Saturday, May 22, 2010

"Some kind of insane, genocidal purge..."

“It’s like a fucking Twilight Zone episode.”

“A plague or something...”

“Some kind of insane, genocidal purge...”

John and I stood at the edge of the beach; swim trunks and t-shirts, a football tucked under my arm. A large crowd occupied the waterfront; sunbathers, footballers, some walking hand-in-hand, some staring. Two hundred or so. ...All men. Every last one of them.


I’m making it a point to write this carefully. One of my objectives is to avoid causing offense unnecessarily. So, if anything here does cause offense – I probably meant it to.

I’ve met a lot of interesting people since arriving here in Morocco. The experiences of the women, however, as related to me, have been the most interesting. The women I know best are here to work – usually on contracts ranging from 1-3 years. Teachers, mothers, artists, NGO workers. Some of them are even diplomats working in Casablanca as representatives of major Western powers; well-traveled, and specifically trained to be culturally sensitive and highly tolerant. Of the tourists, single females choosing to travel alone through North Africa are a particularly tough, brave and independent breed.

These should serve as the preface of my post. Some were related to me second-hand, but I have absolute faith in the veracity of each.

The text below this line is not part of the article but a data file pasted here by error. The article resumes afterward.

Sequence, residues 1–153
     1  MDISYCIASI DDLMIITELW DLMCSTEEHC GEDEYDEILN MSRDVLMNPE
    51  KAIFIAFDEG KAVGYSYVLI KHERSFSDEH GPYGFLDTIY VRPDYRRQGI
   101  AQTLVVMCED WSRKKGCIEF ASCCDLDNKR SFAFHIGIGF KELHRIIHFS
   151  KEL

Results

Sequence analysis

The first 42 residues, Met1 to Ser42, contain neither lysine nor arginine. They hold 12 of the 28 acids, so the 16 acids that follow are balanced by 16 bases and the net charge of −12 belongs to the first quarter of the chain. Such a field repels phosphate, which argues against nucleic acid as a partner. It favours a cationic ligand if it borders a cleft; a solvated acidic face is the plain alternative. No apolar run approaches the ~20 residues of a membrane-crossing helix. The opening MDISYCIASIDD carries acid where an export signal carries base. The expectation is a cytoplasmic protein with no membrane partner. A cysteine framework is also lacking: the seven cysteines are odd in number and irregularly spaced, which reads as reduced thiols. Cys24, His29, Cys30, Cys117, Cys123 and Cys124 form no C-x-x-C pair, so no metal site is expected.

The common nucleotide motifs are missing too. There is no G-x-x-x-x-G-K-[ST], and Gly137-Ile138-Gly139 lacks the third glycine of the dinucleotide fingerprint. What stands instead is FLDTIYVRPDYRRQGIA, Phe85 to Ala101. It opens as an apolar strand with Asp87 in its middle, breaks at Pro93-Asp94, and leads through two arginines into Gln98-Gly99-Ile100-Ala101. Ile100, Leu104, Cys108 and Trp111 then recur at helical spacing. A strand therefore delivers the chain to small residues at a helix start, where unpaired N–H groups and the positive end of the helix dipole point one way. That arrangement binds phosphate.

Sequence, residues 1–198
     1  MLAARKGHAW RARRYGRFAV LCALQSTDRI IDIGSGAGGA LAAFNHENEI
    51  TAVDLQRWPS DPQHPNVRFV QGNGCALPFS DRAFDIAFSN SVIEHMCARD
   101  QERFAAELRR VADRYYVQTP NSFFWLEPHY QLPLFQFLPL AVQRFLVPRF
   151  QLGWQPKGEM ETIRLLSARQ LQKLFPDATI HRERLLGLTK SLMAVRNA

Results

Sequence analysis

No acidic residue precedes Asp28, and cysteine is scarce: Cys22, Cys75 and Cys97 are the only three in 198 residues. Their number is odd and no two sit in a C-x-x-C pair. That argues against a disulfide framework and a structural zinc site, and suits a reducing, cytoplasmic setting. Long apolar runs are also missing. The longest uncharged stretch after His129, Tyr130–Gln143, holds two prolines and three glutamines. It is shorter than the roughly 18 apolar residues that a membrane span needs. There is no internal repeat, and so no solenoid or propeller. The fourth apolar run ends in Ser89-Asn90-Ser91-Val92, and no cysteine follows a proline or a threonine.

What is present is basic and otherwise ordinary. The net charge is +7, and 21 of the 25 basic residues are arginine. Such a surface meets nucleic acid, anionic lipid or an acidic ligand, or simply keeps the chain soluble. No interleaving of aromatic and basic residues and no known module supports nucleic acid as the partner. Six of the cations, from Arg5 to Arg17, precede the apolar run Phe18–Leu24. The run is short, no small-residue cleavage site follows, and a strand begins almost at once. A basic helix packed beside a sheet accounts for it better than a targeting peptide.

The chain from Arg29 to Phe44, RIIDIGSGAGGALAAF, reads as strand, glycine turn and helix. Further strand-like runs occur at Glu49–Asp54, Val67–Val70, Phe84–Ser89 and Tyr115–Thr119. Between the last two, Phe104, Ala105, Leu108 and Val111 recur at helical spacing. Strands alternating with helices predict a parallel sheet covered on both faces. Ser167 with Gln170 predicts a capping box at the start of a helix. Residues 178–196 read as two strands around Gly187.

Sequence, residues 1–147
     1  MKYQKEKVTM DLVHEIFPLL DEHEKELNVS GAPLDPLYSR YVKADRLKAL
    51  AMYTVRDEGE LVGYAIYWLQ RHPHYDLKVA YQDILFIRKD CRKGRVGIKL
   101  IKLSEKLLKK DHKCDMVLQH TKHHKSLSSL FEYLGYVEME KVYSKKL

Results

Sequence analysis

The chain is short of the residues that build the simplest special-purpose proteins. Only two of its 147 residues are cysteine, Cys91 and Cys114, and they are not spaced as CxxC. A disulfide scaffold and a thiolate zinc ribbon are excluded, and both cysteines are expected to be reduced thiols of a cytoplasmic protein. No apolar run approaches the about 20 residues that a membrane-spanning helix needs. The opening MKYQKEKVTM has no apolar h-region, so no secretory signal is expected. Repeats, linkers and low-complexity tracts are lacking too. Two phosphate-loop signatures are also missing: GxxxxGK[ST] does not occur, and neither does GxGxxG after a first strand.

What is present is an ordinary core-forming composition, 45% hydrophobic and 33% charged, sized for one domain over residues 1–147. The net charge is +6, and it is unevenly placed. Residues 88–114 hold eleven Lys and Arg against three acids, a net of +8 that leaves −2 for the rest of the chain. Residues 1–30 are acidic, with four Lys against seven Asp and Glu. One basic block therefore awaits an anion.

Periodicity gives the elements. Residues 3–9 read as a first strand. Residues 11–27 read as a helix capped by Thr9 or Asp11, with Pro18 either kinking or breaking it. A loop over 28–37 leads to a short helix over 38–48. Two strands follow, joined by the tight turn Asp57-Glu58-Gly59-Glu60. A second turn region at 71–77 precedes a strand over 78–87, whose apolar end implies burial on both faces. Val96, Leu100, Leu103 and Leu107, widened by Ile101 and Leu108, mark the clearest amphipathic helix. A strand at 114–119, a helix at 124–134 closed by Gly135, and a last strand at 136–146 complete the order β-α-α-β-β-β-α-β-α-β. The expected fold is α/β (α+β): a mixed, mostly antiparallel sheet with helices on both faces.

• A female friend of ours came to visit Casablanca for 2 nights. Over the course of a single day, she was assaulted twice in broad daylight in neighbourhoods I frequent – once in front of a group of male onlookers. Nothing similar has happened to me in 8 months.
  • I have spoken with four female students who are not allowed to use Facebook, by order of either their fathers or boyfriends. Two of them are also forbidden from using email.
  • An Australian couchsurfer missed her train because the taxi driver refused to deliver her – insisting that they “get lunch” first.
  • Our apartment is a fairly social one. The ratio of Moroccan male to female visitors, however, is probably around 10:1. A vast majority of Moroccan girls and women we know are A) Not allowed in men’s apartments, B) Not allowed to socialize with unmarried men, C) Not allowed out of their homes after 8 or 9pm, D) Must check-in frequently if not at home or in a pre-determined location.
  • I have removed two men from my Facebook list because they were soliciting my female friends – apparently based on the “quality” of their profile pictures – for attention/companionship.
  • A friend of mine who works at an NGO has frequent difficulty walking 3 blocks from her apartment to her office. She often ends up running into work.
  • Police will stop you on the street if you are walking with a woman they believe is Muslim. (This may be profiling, rooted in an attempt to solicit a bribe – but it is also well-fitted to a trend).
  • Several female travelers who have left my company to explore other cities have been subjected to aggressive and unrelenting pressure for marriage or sex from Moroccan men who had volunteered, ostensibly, to accompany them for safety purposes.
  • Two female diplomats who have lived in this country for the last 2 years have a combined total of zero numbers from Moroccan men in their phones. They bemoan and regret the fact, but will flatly ignore or deflect public conversations with domestic nationals.